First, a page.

Rooney Cosponsors Bipartisan Bill to Build National 5G Strategy, Protect U.S. Telecommunications Infrastructure from National Security Threats
According to a 2018 NATO Report, Huawei’s Growing Role as a Supplier of 5G Could Be Exploited by China to Commit Espionage, Monitor Foreign Corporations and Governments, & Support Chinese Military Operations
Legislation Would Require the Administration to Develop a Strategy to Safeguard the Next Generation of Mobile Telecommunications from Foreign Influence
U.S. Representative Abigail Spanberger introduced a bipartisan bill, cosponsored by Representative Francis Rooney, to protect next-generation telecommunications systems and mobile infrastructure in the United States.
According to a 2018 North Atlantic Treaty Organization (NATO) report, Huawei’s growing influence as a leading supplier of 5G technology could be exploited by China to engage in espionage, monitor foreign corporations and governments, and support Chinese military operations. To combat the potential cyber threats associated with a Huawei 5G monopoly, the report recommends that non-Chinese companies invest in 5G research and development—and it calls on U.S. and European companies to reconsider the integration of Huawei technology into their 5G infrastructure.
The Secure 5G and Beyond Act would require the administration to develop an unclassified, national strategy to protect U.S. consumers and assist allies in maximizing the security of their 5G telecommunications systems. The strategy would also identify additional ways to spur research and development by U.S. companies in a way that maintains access for all Americans.
“The United States has long been responsible for the groundbreaking achievements of the digital age. However, the growing prominence of 5G telecommunications systems in China and abroad, particularly through Huawei, should concern all Americans,” said Spanberger. “To protect our national security and maintain our economic strength, we must build a nationwide game plan to strengthen our mobile networks and protect the privacy of American families. Today, I’m proud to lead the introduction of a bipartisan bill to require a smart strategy, because safeguarding Americans’ access to the next generation of telecommunications should never be a partisan issue. As we work to achieve faster internet speeds and wider connectivity, our legislation would make sure we have a plan to deliver innovative technology to U.S. consumers, compete with China, and prevent foreign influence in 5G networks.”
“The United States needs to be proactive in preventing any vulnerabilities that could be exploited by our adversaries. In our increasingly interconnected world, that means protecting our telecommunications and infrastructure, and those of our allies, from malign foreign interference,” said Rooney. “I am proud to cosponsor the Secure 5G and Beyond Act to ensure the safety, security, and freedom of the United States and to safeguard our technology infrastructure.”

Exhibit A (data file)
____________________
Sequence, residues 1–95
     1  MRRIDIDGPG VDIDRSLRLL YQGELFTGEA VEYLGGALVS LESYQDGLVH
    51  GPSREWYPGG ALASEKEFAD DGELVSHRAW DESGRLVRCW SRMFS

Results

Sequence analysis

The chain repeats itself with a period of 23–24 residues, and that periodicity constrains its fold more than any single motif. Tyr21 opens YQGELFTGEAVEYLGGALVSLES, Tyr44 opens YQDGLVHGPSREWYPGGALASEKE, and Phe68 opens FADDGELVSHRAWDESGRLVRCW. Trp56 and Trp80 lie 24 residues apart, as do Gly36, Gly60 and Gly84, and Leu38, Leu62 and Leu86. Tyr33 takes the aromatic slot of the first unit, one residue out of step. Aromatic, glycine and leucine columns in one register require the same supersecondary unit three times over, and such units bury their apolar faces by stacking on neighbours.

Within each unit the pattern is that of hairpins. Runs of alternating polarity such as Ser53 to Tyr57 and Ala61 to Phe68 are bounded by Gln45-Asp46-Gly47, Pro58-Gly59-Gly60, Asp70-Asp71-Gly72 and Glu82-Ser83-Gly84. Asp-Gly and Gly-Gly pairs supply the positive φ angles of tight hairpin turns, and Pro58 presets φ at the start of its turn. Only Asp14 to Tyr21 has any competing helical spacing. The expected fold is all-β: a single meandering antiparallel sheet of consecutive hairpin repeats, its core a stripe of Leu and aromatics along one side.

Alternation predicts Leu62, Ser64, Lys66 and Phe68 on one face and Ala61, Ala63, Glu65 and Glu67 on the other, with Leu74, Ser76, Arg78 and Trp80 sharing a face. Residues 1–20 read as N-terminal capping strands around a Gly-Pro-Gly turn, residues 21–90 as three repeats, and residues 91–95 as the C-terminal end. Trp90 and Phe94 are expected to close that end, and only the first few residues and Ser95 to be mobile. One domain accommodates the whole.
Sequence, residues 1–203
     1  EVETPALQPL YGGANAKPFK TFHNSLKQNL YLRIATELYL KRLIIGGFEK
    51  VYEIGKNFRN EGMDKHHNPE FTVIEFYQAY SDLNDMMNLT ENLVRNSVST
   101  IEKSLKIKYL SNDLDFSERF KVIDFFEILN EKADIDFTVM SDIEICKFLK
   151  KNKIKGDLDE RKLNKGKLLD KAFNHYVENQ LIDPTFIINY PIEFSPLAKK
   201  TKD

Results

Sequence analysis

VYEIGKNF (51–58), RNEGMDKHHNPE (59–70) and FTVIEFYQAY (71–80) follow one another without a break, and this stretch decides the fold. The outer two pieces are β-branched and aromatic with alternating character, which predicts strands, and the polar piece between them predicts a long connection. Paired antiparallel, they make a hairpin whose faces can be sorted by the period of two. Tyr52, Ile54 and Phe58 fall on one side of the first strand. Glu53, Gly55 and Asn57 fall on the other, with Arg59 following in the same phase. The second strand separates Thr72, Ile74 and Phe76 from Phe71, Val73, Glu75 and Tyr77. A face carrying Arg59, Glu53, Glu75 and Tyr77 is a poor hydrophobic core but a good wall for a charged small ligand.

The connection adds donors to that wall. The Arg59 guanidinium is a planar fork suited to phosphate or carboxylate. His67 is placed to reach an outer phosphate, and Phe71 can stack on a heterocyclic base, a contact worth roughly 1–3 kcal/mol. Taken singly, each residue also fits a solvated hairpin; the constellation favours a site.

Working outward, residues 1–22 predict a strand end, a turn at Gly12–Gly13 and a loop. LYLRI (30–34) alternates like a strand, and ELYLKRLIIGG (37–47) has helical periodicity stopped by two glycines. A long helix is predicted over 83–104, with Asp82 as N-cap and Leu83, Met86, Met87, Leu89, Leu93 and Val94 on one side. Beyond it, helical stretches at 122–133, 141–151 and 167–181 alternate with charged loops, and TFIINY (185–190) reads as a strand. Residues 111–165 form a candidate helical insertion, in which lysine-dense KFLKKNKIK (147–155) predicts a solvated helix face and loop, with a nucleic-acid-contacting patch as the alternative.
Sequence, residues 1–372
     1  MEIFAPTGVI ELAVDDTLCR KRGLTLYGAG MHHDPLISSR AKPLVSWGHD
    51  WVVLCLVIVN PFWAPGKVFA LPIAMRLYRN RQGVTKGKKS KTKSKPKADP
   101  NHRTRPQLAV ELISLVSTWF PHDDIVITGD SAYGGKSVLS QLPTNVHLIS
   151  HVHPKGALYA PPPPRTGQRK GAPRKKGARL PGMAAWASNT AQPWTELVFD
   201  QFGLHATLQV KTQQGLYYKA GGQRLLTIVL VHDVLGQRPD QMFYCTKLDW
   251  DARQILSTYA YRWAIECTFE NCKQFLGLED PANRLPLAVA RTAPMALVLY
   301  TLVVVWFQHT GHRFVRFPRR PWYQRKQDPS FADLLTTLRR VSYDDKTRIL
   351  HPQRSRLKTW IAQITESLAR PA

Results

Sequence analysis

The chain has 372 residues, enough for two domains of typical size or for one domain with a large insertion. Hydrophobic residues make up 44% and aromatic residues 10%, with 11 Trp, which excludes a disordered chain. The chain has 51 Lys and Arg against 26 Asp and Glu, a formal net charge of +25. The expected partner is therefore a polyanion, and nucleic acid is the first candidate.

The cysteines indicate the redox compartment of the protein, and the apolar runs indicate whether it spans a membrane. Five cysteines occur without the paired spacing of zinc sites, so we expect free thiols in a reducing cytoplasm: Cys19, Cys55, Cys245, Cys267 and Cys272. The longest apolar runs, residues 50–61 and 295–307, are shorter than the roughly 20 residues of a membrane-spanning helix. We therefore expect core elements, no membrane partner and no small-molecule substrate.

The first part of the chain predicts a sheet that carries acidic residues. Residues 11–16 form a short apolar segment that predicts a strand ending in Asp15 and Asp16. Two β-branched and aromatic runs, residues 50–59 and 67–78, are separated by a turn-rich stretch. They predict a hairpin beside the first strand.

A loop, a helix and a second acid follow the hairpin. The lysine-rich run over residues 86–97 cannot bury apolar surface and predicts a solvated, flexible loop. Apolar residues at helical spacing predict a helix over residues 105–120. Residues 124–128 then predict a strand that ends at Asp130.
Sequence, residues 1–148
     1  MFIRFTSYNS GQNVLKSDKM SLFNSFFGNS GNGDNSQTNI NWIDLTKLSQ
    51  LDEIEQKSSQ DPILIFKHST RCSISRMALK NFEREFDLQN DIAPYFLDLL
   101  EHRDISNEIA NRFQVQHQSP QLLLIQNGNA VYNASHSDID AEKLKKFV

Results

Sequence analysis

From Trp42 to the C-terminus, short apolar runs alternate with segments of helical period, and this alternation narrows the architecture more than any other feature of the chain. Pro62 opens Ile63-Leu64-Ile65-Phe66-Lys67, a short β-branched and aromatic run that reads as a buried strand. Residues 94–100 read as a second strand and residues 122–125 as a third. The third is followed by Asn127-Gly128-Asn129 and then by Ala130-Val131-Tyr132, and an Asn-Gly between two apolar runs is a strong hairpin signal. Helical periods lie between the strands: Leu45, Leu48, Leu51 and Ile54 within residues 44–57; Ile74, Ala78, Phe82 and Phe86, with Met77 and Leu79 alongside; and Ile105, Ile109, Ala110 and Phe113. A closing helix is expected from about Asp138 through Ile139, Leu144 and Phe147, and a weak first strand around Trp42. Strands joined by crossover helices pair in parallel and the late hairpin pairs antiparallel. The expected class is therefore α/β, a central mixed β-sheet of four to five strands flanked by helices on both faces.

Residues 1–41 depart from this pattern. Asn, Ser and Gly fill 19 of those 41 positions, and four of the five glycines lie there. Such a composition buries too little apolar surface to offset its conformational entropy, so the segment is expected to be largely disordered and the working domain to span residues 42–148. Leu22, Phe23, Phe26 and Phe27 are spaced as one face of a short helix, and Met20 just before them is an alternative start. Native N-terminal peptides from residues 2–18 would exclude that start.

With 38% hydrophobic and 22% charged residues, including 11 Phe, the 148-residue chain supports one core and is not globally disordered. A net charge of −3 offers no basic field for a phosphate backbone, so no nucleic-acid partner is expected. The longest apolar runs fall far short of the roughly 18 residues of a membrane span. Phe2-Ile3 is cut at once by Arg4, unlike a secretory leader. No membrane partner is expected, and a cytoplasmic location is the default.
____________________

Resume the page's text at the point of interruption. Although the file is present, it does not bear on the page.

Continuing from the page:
Specifically, the bipartisan Secure 5G and Beyond Act would require the administration to build an interagency strategy to:
- Secure 5th generation and future-generation telecommunications systems and infrastructure across the United States;
- Assist U.S. allies and defense partners in maximizing the security of 5G systems and infrastructure in their countries; and
- Protect the competitiveness of U.S. companies, the privacy of U.S. consumers, and the integrity of international standards-setting bodies against foreign political influence.
The Secure 5G and Beyond Act is companion legislation to a bill introduced in the U.S. Senate by U.S. Senators John Cornyn (R-TX), Mark Warner (D-VA), and Richard Burr (R-NC).
A 2018 report from the NATO Cooperative Cyber Defense Center of Excellence warned that integration of Huawei as a 5G provider could create long-term negative consequences.
Currently, the Chinese government’s Made in China 2025 plan calls 5G a “strategic emerging industry.” Already, Chinese tech companies own 36 percent of all 5G standard-essential patents, whereas U.S.-based companies only possess 14 percent of critical 5G patents. Earlier this year, Chairman of the Joint Chiefs of Staff General Joseph Dunford called the potential risks of a Chinese-built 5G network “a critical national security issue” for the United States.
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